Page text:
This has become a lot more of a compare and contrast post than I had intended, so sorry for that.

But, if you made it this far, you might as well finish, right?

So, if you can get past the glaringly obvious differences, I think you’ll find that “Elementary” is worth watching. It’s a witty show with intriguing plots, ones that don’t really have you comparing it to BBC’s “Sherlock” which, for me, was what I was worried about. Time for the verdict, though – sink or swim? I’m going with swim. I enjoy watching this show, when I get a chance because it’s not a show I wait for every week. The acting is very good and the plots – while sometimes a bit predictable – are intriguing, for the most part.

Below you’ll find the trailer for season one of “Elementary”.

A Study in Awesome.

Oh boy, this show. This show.

I can’t even begin to talk about how awesome this show is. It’s funny, fast-paced, and the acting is, in a word, phenomenal. And I mean that for everyone on the show.

BBC’s modern take on Arthur Conan Doyle’s detective, Sherlock Holmes, brings new interest to the book series. And that’s awesome. Having read the books myself, it’s great to see younger people getting interested in it. This brings up the age-old argument that the books are better than the movies, but that’s a story for another time.

The Sherlock Holmes of the twenty-first century, played by Benedict Cumberbatch (terrible name, great actor) isn’t as brash as the one that had been played by Basil Rathbone throughout the 1940’s. (On a related note, if you ever get the chance to watch those movies, I would – they’re great.) Although the modern Holmes describes himself as  “the world’s only consulting detective,” there can be no denying that Rathbone’s Holmes was just as formidable.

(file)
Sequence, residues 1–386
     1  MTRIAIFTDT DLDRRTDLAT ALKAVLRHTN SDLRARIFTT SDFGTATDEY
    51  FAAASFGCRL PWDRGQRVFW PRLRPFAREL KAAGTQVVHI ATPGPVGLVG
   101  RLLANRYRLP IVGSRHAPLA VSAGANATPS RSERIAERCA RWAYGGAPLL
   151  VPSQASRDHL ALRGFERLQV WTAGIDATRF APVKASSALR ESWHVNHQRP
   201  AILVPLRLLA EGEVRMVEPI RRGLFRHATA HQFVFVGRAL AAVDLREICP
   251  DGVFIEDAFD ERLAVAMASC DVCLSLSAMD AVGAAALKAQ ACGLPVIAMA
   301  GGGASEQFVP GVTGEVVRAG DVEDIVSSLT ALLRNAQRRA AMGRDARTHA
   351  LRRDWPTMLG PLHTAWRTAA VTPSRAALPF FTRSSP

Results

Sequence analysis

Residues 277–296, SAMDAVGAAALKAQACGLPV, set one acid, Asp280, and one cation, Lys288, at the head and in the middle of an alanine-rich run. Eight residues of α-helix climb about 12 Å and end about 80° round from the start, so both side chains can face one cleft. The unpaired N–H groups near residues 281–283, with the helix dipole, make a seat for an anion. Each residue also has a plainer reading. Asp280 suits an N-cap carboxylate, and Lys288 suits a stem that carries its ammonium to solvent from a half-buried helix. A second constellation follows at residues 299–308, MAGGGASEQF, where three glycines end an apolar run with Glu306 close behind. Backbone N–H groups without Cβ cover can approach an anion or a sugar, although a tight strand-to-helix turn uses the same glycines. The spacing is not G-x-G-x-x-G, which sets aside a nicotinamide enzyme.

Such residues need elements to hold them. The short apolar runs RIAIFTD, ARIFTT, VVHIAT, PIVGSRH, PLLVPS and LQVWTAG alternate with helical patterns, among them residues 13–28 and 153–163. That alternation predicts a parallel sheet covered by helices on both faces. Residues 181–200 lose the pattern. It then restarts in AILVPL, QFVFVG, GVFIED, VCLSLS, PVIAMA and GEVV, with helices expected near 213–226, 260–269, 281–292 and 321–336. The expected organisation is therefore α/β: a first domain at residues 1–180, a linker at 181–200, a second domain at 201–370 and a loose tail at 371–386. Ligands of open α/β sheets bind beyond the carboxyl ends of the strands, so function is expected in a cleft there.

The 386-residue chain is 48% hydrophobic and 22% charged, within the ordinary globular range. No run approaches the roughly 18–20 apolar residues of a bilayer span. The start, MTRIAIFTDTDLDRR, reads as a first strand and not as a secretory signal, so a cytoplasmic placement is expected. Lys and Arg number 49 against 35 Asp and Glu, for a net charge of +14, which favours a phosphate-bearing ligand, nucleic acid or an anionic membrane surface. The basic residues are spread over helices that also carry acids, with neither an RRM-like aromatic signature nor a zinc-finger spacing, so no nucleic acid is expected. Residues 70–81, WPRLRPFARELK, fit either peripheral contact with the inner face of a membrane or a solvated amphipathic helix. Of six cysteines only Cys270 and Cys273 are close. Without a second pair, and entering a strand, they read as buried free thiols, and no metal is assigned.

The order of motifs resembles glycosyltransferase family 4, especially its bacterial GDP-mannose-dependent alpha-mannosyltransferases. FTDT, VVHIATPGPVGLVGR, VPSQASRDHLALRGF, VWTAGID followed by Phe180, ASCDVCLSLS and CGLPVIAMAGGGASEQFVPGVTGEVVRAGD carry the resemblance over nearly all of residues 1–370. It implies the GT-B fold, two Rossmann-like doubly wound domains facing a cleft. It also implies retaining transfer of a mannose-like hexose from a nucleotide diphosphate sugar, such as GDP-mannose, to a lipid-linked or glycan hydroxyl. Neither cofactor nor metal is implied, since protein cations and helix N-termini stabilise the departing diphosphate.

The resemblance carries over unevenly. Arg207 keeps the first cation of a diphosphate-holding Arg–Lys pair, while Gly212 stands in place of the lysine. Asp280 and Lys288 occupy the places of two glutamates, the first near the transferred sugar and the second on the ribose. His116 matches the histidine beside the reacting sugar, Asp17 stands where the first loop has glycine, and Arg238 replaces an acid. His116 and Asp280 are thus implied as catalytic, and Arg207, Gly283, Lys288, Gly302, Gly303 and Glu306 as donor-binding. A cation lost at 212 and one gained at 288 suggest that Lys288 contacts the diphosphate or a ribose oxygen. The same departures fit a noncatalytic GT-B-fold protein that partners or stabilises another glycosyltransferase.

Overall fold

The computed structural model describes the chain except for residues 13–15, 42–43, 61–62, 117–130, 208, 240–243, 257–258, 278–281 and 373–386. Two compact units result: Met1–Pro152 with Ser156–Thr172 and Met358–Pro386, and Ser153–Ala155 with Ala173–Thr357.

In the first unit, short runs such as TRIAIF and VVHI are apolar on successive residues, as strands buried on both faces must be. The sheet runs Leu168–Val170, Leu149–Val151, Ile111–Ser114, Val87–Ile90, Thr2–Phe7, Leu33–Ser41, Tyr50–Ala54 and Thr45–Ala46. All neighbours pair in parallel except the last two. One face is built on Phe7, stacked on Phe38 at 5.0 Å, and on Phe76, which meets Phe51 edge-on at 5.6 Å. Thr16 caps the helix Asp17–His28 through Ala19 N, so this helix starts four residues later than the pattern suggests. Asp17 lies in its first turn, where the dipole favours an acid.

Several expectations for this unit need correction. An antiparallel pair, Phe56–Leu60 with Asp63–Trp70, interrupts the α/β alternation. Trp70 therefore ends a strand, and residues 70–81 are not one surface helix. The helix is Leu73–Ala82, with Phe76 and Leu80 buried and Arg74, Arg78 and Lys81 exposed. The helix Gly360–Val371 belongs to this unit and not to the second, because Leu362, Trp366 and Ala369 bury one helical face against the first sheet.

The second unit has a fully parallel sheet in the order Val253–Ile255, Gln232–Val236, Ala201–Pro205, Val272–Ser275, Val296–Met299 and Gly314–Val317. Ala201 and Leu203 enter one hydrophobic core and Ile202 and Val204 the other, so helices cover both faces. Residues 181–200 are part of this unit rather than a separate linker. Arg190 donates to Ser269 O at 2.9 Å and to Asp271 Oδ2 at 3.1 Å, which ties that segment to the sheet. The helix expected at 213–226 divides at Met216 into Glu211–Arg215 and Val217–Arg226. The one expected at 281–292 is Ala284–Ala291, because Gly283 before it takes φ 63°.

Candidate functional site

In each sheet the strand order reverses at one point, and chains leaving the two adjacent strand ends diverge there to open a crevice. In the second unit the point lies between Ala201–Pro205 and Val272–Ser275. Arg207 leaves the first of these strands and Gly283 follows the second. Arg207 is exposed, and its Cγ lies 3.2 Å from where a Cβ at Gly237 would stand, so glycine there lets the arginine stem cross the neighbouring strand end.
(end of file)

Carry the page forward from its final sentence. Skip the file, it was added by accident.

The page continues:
Anyway, the one thing you have to understand when it comes to BBC’s “Sherlock” is that this show is a series, not a season. I’m not quite sure why we differentiate between the two, but if you make that mistake on tumblr, heads will roll. So, just a warning. But I have my own theory. Seasons of shows tend to run ten or more episodes. Want to take a guess on how many episodes “Sherlock” runs in a series?

Three.

Yeah, you read that right. Three.

Now, each episode is pretty much it’s own movie – running about an hour and a half long. So, for the most part, viewers can walk away happy with what they watched. But – and this is important, so pay attention! – the writers of the show, Mark Gatiss and Steven Moffat, are terrible when it comes to cliff hangers. And I mean that they’re too good, too into it, if that makes any sense…

While the first two series have had, as I said, three episodes apiece, the final episodes of each series have had major cliff hangers. The kind that have you yelling at the screen because how could they leave you like this? Why didn’t they continue? Why? Why? WHY?

I’m not bitter, I swear.

But you get the picture. This is one of those shows that sucks you in and holds on tight. With superb acting and a glorious interpretation of the original plots, you can’t go wrong.

And here comes a shameless Star Trek Into Darkness plug, because I’m so excited – Benedict Cumberbatch stars as the villain in the sequel to the 2009 Star Trek reboot. So if you like him in “Sherlock”, chances are you’ll like him in that. (At least I hope so, there’s been so much hype about this sequel, if it bombs, I’m gonna be so mad… Like I have any control over it. Whatever.)

So there you have our Sherlock Holmes, what about John Watson?

Watson is played by the incomparable Martin Freeman – if his name sounds familiar, it’s probably because he played Bilbo Baggins in The Hobbit: An Unexpected Journey. He’s amazing. Seriously. If you start watching the show, you’ll know exactly what I mean. Especially in the series two episode, “The Reichenbach Fall”.